Something to Cut the Caps Off - You could just use a hand saw or a razor blade, but it's a pain for more than a few bottle-caps. I tried. The plastic is quite thicker where it needs to be cut than the rest of the bottle. I ended just doing a batch of caps with an angle grinder.
Razor Blade/X-Acto Knife - For trimming excess plastic.
Scissors - To cut the bottom circles out of your plastic. This will probably dull your scissors so don't use your good ones.
Sandpaper - Not necessary if you got the cut nice and level.
Step 2: Making the Cap Containers
1. Cut the Caps Off
It's best to get the cut as close as possible to the lip/edge, especially if you'll be using a thinner glue. A thicker glue gives you more leeway. Also before you cut them, take the caps off. I made the mistake of cutting with them on and I had to wrestle some of the caps off. Somebody had shut them really tight.
2. Cleaning Up
Trim any excess plastic with an razor blade. Sand them if necessary. If you used an angle grinder like I did, the plastic kind of melts and forms these weird layers (see the note on the picture). Cut those off if you get them.
3. Cut off the Safety Rings
Or whatever those are called, so you can have a little window to see your paint colors. Be sure to store your bottle caps away from light unless you leave those rings on and you can't see any paint at all.
4. Cut the Bottom Circles
Separate the caps by sizes and then trace your bottle-caps onto your chosen piece of plastic and cut them out. It's easier with scissors (though it might dull them).
5. Gluing Them
Using hot glue I found it easiest to put a thick line of blue onto the cap, then press the plastic to it. If you mess up, just wait for the glue to dry, peal it off, and retry. Some glue will seep inside, but it shouldn't be too much. Don't try to fix it by melting it to the edge with the gun, it just makes more of a mess. They're easier to clean if you just leave it alone. Any glue that's seeped on the outside edge can be trimmed.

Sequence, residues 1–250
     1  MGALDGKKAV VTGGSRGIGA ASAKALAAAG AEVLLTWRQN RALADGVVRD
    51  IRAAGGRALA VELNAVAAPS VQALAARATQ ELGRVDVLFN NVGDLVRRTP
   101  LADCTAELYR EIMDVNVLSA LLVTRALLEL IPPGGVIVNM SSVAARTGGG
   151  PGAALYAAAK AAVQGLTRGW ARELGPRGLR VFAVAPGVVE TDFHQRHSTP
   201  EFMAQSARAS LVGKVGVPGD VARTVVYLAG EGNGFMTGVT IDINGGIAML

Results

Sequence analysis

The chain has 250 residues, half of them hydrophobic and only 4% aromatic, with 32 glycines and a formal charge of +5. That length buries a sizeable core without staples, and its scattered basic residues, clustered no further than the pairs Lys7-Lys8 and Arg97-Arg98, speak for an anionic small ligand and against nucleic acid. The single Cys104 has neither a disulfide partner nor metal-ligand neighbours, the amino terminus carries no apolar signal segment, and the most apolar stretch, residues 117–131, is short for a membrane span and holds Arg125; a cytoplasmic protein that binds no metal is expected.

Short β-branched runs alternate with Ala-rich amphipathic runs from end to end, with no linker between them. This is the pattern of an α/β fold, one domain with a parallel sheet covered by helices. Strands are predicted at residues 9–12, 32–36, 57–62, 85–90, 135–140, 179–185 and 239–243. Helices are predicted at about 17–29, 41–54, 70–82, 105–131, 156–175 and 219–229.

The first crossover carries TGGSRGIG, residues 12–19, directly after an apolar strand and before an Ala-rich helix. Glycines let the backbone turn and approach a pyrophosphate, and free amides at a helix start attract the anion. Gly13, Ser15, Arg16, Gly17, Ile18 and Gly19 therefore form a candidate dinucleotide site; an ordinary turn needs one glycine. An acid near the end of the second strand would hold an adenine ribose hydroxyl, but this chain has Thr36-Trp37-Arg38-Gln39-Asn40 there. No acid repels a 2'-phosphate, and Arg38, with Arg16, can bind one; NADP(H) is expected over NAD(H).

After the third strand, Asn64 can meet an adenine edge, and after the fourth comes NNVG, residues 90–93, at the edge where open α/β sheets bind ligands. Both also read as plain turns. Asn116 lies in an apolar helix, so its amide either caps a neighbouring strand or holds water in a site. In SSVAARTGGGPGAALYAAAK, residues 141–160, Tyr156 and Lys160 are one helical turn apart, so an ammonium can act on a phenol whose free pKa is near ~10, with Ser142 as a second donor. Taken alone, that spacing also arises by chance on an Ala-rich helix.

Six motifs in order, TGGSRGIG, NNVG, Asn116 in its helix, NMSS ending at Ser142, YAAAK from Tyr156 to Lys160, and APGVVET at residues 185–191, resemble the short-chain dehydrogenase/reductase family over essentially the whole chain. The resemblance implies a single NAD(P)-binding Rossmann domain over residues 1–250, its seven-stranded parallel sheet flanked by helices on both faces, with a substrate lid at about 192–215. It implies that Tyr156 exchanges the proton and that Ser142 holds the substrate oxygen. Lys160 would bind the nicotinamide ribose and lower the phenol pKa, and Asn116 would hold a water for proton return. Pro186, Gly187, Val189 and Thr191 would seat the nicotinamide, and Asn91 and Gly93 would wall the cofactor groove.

6. Finishing Touches
I didn't always place the plastic perfectly center so after I was finished I trimmed the entire bottom edge with a razor blade, then ran the hot glue gun over it to smooth it down (the hot glue tends to lift/stretch or rip instead of letting you cut through it).
Step 3: Final Result
I'm using them lose now, just resting them on top or by my glass palette, but they could be glued to an existing palette. I'm considering making a line of them with just the main colors I use because I also find it easier to get paint out of them than out of the tube.
Another thing they come in handy for is keeping different medium mixes. You can dip the brush in and it doesn't really matter if you contaminate such a small amount. Same thing with dipping into titanium white.
I also have a partial time-lapse video of the first painting I tested them with. Unfortunately I couldn't find a comfortable place to put the camera, you can't see the palette, and I only filmed an hour or two. But you can see I'm mostly using the spray for the painting itself, the other times to dilute a glaze mix on the glass. I only sprayed the actual bottle caps the 2 times I stood up to get something and left them open. You get a fair bit of warning if the caps need spraying. The paint around the edges will start to thicken and dry first, but that can take anywhere from 30 minutes to an hour, and the paint inside will still stay wet. You could not spray them at all and just peel off any dry paint around the edges at the end of a session.
As for my drying test, see the last bottle cap in the second picture. That small amount of paint (with Open Medium) was still wet after a week, so I think that's a huge success. Had I done that in any previous stay-wet palette it wouldn't have lasted more than a day without spraying.